8. Cell Recovery: When we pass cells it gets separated from other cells and extracellular matrix (ECM), which adversely affects the primary cells, which leads to anoikis, a type of programmed cell death when cells detach from ECM. To avoid anoikis, sensitive cells are incubated at 40 C with shaking for an hour in a recovery media containing supplements like serum, sugar, antioxidants, anti-apoptotic agents (e.g. Pan-caspase inhibitors) etc. Primary cells that do not proliferate in vitro, for example hepatocytes, are generally cryopreserved in small aliquots immediately after thawing, leaving aside the required cell number. Non-proliferating primary cells are generally cryopreserved with extra caution, to avoid any cell loss during thawing. Cryopreservatives such as Dimethyl Sulfoxide (DMSO) or galactose are generally used during cryopreservation to prevent the formation of ice crystals. Controlled rate freezers (CFR) are generally preferred to freeze primary cells, which rapidly drop the required temperature in appropriate timing to minimize ice crystal formation. Most cryopreserved cells are recommended to ship and store in liquid nitrogen.

Conclusion: Primary cells are a valuable tool in biomedical research, offering more physiologically relevant models as compared to immortalized cell lines. At Kosheeka, a branch of Advancells Group, we have successfully overcome these challenges associated with primary cells to provide high-quality primary cells for research and therapeutic applications.  By leveraging our optimized isolation techniques, stringent aseptic techniques, and quality check protocols, we provide highly viable and pure populations of primary cells.

Our dedicated scientific team tailor-made culture conditions for different cell types, preventing cellular loss and maintaining cellular functionality. We mitigate the limited proliferation capacity of primary cells by using senescence inhibitors and regular isolation of cells from fresh tissues. By closely monitoring genetic stability and maintaining optimal culture conditions, we mitigate the risks of senescence and mutations. We follow robust quality checks for primary cells like flow cytometry analysis of specific markers, mycoplasma, bacterial/fungal testing etc. We follow rigorous aseptic techniques to mitigate contamination risks. Our expertise in cryopreservation and recovery techniques ensures cell viability and functionality for extended periods.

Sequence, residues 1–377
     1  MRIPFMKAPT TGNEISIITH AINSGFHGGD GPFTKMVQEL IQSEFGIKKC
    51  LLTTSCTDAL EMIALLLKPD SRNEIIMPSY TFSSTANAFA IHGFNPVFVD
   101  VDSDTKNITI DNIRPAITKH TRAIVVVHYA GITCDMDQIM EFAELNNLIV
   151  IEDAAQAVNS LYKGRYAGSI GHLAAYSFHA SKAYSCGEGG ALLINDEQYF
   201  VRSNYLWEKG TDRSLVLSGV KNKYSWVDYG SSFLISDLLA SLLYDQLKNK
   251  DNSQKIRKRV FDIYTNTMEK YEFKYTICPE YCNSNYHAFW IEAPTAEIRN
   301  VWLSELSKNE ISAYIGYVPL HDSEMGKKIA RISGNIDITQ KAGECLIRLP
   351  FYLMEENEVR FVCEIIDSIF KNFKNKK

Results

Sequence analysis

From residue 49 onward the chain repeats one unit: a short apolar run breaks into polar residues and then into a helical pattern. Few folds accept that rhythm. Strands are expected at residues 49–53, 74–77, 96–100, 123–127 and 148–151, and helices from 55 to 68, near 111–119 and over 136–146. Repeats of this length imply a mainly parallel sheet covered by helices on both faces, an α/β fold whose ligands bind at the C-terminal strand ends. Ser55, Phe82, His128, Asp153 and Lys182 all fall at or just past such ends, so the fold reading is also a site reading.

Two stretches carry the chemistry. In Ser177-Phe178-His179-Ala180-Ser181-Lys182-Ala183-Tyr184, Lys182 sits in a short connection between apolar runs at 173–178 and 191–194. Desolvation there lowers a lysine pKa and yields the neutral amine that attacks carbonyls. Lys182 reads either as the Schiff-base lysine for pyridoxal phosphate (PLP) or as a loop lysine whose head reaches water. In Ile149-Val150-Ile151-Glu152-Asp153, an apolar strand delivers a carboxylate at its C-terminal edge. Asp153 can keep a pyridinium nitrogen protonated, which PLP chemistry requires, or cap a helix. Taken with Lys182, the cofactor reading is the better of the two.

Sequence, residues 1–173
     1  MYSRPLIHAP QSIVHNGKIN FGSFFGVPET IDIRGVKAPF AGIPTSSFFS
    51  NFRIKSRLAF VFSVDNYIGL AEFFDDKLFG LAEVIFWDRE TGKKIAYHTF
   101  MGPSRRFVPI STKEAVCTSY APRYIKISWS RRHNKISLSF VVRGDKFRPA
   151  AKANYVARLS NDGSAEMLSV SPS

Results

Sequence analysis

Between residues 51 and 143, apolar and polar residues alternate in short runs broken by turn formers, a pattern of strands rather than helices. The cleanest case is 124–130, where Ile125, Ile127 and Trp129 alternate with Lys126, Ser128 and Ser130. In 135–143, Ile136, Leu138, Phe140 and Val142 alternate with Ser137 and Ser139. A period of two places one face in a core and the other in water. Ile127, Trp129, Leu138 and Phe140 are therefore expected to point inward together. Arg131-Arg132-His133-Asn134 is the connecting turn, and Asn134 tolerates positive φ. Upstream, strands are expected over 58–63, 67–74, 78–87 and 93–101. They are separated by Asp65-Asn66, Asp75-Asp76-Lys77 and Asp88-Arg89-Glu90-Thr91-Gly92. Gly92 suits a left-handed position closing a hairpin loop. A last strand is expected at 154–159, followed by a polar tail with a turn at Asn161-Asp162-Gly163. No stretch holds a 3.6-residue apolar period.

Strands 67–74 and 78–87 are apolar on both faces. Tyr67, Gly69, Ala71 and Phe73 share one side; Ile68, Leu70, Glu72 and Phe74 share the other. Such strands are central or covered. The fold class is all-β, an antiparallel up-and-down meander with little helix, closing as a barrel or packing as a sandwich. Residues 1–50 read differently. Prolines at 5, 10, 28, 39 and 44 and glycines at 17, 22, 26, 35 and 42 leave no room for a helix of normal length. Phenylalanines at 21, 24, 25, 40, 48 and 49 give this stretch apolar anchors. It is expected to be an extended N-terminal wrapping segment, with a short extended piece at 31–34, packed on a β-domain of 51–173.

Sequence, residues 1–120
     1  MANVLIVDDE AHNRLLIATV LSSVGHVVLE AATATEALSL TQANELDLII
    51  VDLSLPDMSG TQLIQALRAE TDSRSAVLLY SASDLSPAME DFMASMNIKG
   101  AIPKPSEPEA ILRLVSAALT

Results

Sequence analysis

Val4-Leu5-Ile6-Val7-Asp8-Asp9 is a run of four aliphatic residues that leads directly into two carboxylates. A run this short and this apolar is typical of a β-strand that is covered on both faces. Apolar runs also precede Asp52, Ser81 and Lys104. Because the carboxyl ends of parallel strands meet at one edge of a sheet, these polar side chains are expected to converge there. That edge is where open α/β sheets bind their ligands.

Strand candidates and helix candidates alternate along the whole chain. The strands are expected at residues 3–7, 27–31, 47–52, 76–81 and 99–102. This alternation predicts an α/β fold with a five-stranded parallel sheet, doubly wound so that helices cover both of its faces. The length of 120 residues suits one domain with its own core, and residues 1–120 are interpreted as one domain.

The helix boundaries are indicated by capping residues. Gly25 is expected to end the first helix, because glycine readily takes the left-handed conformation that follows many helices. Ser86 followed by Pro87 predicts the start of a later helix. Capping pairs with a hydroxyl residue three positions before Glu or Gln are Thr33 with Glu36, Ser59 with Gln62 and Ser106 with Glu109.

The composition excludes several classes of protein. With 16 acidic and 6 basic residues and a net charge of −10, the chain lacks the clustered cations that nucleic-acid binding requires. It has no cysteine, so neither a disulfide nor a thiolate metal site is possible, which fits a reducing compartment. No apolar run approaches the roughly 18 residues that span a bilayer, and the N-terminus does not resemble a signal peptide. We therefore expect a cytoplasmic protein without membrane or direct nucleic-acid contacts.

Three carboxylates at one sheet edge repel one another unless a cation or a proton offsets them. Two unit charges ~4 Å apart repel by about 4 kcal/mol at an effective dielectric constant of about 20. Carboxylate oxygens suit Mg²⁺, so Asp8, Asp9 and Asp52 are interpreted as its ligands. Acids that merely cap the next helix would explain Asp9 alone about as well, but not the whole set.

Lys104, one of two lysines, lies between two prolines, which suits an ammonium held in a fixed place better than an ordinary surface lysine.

Following these techniques, Kosheeka provides high-quality primary cells that closely mimic in vivo conditions, facilitating ground-breaking research and advanced therapeutic applications. We are committed to delivering reliable primary cells for biomedical research.

Frequently Asked Questions (FAQs) 

1.What are primary cells? 

Primary cells are terminally differentiated cells directly isolated from biopsies or cadavers. They are a heterogeneous population of cells, mimicking in vivo tissue functions. 

2.Why are primary cells being better than immortalized cell lines?

Primary cells mimic the in vivo conditions more closely as compared to immortalized cells lines. They are a valuable tool to study disease mechanisms and pathways.

3.What are the challenges that we faced while working with primary cells? 

The main challenges are procurement of source tissue, isolation of cells from sourced tissues, heterogeneity and purity of cell population, optimal culture conditions, limited proliferative capacity, senescence and genetic stability, cost and resource intensiveness, contamination risk and cellular recovery.

4.How to maintain high cell viability after isolation?

Expertise in cell culture techniques is required to minimize cellular damage and contamination, and tailored cell isolation methods for different tissue types.

5.How to attain 100% purity of primary cells?

100% purity of primary cells are attained by cell sorting by fluorescence-activated cell sorting (FACS) or magnetic-activated cell sorting (MACS) and optimized cell isolation techniques e.g. differential trypsinization techniques. 

6.What are the optimal culture conditions required for primary cells?

Primary cells require complex and tailored culture methods, including specific growth supplements, signaling molecules and extracellular matrices. For example, primary neural cells require specialized media supplements like B27, N2, and other neurotrophic factors.

7.How can the limited lifespan and proliferative capacity of primary cells be addressed?

This can be achieved by using senescence inhibitors, careful passaging and regular monitoring of primary cells.

8.What precautions can be taken to maintain genetic stability in primary cells?

Genetic stability of primary cells can be achieved by optimal culture conditions, careful passaging and regular monitoring for any genetic mutations.

9.How to mitigate the risks of contamination in primary cell cultures?

 Contamination risks in primary cell cultures can be mitigated by following stringent aseptic cell culture techniques.

10.How to manage cellular recovery during passaging and cryopreservation?

Sensitive primary cells are incubated with recovery media containing growth, proliferation, and maintenance supplements after thawing to prevent anoikis. Non-proliferative primary cells are cryopreserved with extra caution, using cryoprotectants like DMSO or galactose, trehalose, and controlled rate freezers to minimize ice crystal formation within cells.

11.How does Kosheeka provide high-quality primary cells by overcoming these challenges?

At Kosheeka, we capitalize on our legacy of delivering high-quality primary cells. We strictly follow optimized tailored isolation techniques for different cell types, stringent aseptic cell culture techniques, utilization of senescence inhibitors, and advanced cryopreservation techniques. Our dedicated scientific team ensures the high viability, purity, and functionality of primary cells. Additionally, we follow robust quality check protocols, to ensure phenotype and functionality of primary cells.